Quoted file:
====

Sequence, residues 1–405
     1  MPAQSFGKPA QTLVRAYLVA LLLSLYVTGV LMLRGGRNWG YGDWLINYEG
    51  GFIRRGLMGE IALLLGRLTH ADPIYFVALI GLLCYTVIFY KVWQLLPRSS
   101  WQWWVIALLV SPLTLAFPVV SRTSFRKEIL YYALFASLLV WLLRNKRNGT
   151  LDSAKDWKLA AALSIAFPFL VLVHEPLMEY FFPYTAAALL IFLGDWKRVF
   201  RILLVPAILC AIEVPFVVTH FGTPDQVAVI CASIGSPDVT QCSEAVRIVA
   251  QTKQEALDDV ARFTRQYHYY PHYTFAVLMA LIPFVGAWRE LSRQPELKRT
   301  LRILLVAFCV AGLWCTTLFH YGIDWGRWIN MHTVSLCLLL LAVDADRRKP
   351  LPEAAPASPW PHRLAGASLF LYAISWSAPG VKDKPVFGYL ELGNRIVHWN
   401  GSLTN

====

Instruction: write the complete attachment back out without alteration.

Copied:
Sequence, residues 1–405
     1  MPAQSFGKPA QTLVRAYLVA LLLSLYVTGV LMLRGGRNWG YGDWLINYEG
    51  GFIRRGLMGE IALLLGRLTH ADPIYFVALI GLLCYTVIFY KVWQLLPRSS
   101  WQWWVIALLV SPLTLAFPVV SRTSFRKEIL YYALFASLLV WLLRNKRNGT
   151  LDSAKDWKLA AALSIAFPFL VLVHEPLMEY FFPYTAAALL IFLGDWKRVF
   201  RILLVPAILC AIEVPFVVTH FGTPDQVAVI CASIGSPDVT QCSEAVRIVA
   251  QTKQEALDDV ARFTRQYHYY PHYTFAVLMA LIPFVGAWRE LSRQPELKRT
   301  LRILLVAFCV AGLWCTTLFH YGIDWGRWIN MHTVSLCLLL LAVDADRRKP
   351  LPEAAPASPW PHRLAGASLF LYAISWSAPG VKDKPVFGYL ELGNRIVHWN
   401  GSLTN